Discovering HSE and Russia: Praising the Snowfall
In addition to interviews with international faculty, The HSE Look has launched a new feature – a column about their life in Russia, what they discover in different cities, and interesting venues at HSE and beyond. In this issue, we present a column by Nadia Moro on the fairytale beauty and dangers of snowfalls in Moscow.
Praising the snowfall
To Susanna, who would have truly enjoyed Moscow
Once again we have prospered through the winter thanks to Tim Jaekel’s Rules of thumb in the last issue of the HSE Look. But this winter was anything but ordinary, and the snowfalls at the beginning of the year made the headlines internationally.
Will you forgive me for entertaining you with a column on weather? Please believe that it is not meant to instantiate the phatic function of Roman Jakobson’s model of verbal communication: we are not primarily reassuring ourselves that we are understanding each other by, say, chatting on how icy it is. Praising a snowfall (похвала снегопада) won’t serve as a piece of academic work in communication theory either – oh, my dear publication metrics! Still, I’ll try to describe a striking, dreamy experience of brilliant whiteness and silence in Moscow. Unheard-of, literally!
On the 4th of February 2018, the BBC suggested watching “Muscovites struggling with the ‘snowfall of the century,’” when, apparently, “Moscow has seen its heaviest snowfall in a day since records began.” “More than half the monthly average snow – 38 cm (15 inches) – fell […], beating the previous record from 1957.” Despite obvious disruptions and sad accidents, Muscovites seemed to welcome the return of the “real Russian winter,” – and international guests were very happy to join them!
Please do consider another unprecedented precedent, which made the headlines, too. As reported by the BBC, “Moscow’s 2017 December was its ‘darkest’ on record.” The New York Times made things crystal clear: “For anyone who braves the Russian winter, overcast skies and short, dark days are a depressing reality. But even those bleak expectations were shattered in December, when Moscow was shrouded in an unrelenting cloud cover for all but six minutes. It was the darkest December in the capital since the city began recording the data […]. The average amount of sunlight for December – 18 hours – is hardly anything to write home about.”
After the Reign of Greyness, there came unremitting swirling snow. Everything was covered in the Magic White: trees, streets, statues, backyards, roofs, cars – and even the noise was muffled. For a few days, Moscow turned into a fairy-tale place, even the suburbs became silent, with parents pulling their children on sledges and old ladies feeding the city birds with seeds and crumbs. Mountains of snow appeared in the courtyards, for the joy of young and grown-up children.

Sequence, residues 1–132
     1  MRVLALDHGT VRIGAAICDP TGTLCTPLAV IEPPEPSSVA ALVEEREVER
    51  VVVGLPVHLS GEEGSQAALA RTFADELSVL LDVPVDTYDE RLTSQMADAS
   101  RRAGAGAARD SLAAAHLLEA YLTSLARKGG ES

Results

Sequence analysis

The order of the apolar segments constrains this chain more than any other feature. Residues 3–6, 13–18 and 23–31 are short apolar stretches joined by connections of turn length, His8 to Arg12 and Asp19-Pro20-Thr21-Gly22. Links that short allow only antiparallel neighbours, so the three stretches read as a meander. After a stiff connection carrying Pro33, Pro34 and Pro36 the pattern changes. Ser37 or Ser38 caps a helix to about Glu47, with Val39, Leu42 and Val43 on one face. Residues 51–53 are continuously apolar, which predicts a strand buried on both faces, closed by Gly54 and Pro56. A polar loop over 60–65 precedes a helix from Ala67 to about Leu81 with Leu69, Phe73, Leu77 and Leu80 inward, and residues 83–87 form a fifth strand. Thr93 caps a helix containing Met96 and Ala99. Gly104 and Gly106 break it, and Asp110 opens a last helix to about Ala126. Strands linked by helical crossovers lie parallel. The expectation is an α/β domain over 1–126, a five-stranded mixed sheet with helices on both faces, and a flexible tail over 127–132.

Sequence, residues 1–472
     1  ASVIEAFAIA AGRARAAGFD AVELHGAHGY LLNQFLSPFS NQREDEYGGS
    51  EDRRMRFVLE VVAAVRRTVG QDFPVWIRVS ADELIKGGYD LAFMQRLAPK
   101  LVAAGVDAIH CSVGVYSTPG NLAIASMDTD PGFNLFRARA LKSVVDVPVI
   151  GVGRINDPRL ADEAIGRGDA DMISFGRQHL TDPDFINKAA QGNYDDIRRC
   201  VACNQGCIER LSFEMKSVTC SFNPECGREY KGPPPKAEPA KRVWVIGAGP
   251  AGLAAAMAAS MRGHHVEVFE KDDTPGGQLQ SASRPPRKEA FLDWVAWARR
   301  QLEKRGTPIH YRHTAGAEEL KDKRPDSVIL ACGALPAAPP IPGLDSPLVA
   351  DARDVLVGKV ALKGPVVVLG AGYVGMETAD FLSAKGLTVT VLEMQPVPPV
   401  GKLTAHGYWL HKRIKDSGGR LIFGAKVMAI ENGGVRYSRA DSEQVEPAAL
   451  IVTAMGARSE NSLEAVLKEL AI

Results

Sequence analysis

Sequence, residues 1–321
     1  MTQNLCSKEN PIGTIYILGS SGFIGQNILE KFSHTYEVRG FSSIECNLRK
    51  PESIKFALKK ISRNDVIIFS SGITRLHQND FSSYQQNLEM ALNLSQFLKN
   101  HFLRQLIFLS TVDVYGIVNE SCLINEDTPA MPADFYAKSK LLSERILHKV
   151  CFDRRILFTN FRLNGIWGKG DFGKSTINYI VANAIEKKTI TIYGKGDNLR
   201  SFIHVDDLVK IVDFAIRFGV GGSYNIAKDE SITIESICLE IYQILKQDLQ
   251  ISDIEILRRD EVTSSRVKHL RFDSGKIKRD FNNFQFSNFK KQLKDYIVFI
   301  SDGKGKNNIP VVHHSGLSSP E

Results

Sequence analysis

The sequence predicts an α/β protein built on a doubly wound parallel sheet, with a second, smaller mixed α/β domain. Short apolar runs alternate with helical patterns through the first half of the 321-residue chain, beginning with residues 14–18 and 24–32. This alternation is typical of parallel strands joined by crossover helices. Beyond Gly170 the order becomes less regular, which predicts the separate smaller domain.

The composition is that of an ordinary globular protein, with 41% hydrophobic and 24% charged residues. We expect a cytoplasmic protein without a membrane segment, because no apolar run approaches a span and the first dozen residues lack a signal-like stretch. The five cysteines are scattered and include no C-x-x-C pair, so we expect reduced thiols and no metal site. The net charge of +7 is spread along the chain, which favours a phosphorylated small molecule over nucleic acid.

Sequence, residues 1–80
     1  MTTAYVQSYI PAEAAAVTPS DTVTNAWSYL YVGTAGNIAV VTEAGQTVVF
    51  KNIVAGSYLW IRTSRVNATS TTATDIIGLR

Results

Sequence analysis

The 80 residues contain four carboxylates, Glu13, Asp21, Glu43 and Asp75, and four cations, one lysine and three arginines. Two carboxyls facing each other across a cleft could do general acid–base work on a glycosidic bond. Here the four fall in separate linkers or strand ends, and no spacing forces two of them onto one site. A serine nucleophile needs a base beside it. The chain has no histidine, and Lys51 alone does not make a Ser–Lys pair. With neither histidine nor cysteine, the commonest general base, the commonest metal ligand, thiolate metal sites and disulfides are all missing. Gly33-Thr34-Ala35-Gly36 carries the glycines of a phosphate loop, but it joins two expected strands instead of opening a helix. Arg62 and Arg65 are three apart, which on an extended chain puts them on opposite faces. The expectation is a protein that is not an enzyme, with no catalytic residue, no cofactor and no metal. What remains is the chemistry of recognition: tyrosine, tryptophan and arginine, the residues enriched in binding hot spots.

But beware, do not let the fairy-tale snow make you too dreamy – or reality will be back all of a sudden, as soon as you walk on the new, slippery city pavements. The new stone, sadly, was hardly tested against snow, ice, humidity, or chemicals before re-building so many pedestrian paths. My new crampons (memories of a budding alpinist) would definitely come in handy on the new, perfectly smooth linoleum in the buses, which has turned out to be as slippery as a true skating rink – and this is the second lurking danger. Oh, Tim, why haven’t you warned us about the very first danger in Moscow? Those mean doors of any metro station, which are perpetually about to slap you hard across the face… There does exist a perpetuum mobile, Mr Hermann von Helmholtz!
“Cкоро весна! The spring is coming!” – Russians have kept reassuring me for some weeks already, while freezing at -15 C or so. I believe them, especially when I see a friend’s Facebook post featuring a furry cat dozing on a snow-capped chimney stack – wouldn’t you have raised your birding binoculars exactly to that place to spot the stork? No worries. Firstly, according to the authoritative work of Ludwig Tieck, cats develop their understanding while sleeping, and hence do not hunt songbirds that could announce the spring. Most importantly, Russians have interesting coping strategies and always manage to surprise you with the appropriate, yet untranslatable humour: “Мы зиму перезимовали - Перезимуем и весну!”
Nadia Moro is an Assistant Professor at the School of Philosophy . Nadia’s research is focused on post-Kantian German philosophy and the relationships between philosophy and sciences such as psychology, physiology, and linguistics in the long nineteenth century. She is also interested in aesthetical formalism, music theory, and recent Italian history.
Read more in The HSE Look March 2018 issue